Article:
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Table 1 Criteria for the Diagnosis of Fetal alcohol spectrum disorders (FASD)

From: Auxological and endocrinological features in internationally adopted children

Terminology Diagnostic Features
Fetal alcohol syndrome (FAS) All of the following criteria:
- three facial abnormalities (ie, smooth philtrum, thin vermillion border, and small palpebral fissures). Midface hypoplasia, micrognathia, microcephaly or epicanthal folds may also be observed;
- growth deficiency (height and/or weight ≤ 10th percentile at any age)
- structural, neurologic, or functional central nervous system (CNS) abnormalities
- prenatal exposure to alcohol (PAE)a
Partial FAS - some (but not all of the physical features of FAS) (see above)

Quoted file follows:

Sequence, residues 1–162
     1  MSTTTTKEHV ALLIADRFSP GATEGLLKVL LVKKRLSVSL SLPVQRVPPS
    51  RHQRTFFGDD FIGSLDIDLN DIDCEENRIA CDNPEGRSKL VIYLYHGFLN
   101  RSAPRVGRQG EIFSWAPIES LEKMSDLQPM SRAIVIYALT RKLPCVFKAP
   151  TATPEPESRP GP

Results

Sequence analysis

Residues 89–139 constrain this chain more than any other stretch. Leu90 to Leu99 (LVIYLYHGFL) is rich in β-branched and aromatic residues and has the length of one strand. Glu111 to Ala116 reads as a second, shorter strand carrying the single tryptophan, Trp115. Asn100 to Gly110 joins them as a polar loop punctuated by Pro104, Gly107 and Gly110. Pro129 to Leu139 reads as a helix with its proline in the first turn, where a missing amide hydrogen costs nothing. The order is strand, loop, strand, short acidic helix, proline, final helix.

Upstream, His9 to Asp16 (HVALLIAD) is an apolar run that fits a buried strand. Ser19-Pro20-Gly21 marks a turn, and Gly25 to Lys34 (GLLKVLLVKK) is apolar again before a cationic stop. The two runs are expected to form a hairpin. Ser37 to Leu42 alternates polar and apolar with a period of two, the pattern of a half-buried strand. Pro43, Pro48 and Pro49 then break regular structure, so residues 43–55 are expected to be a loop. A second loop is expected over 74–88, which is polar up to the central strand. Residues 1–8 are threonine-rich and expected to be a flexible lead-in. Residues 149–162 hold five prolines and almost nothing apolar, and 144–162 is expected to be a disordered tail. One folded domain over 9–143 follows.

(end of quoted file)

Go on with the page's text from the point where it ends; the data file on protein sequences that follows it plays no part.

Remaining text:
- CNS damage (structural, neurologic, and/or functional impairment)
- confirmed prenatal exposure to alcohol
Alcohol-related birth defects Individuals who do not have the facial characteristics of full FAS
- Significant birth defects affecting the heart, eyes, kidneys, and/or bones resulting from PAE
- Hearing may also be affected
- Usually do not meet criteria for CNS structural or functional abnormalities
- Confirmed prenatal exposure to alcohol
Alcohol-related neurodevelopmental disorder Cluster of symptoms that may include intellectual disabilities as well as challenges with behaviour and learning resulting from PAE
 May also have a CNS anomaly
 Often perform poorly in school and have difficulties with maths, memory, attention, judgment, and impulse control
 Confirmed prenatal exposure to alcohol
Neurobehavioral disorder associated with prenatal alcohol exposure (ND-PAE) Impairment of neurocognition, self-regulation, and adaptive functioning
- Combines deficits in these 3 areas in conjunction with evidence of PAE, childhood onset of symptoms, and significant distress or impairment in social, academic, occupational, or other important areas
- Confirmed prenatal exposure to alcohol
  1. CNS, central nervous system. aNot necessary if the first 3 features are present. Adapted by [25].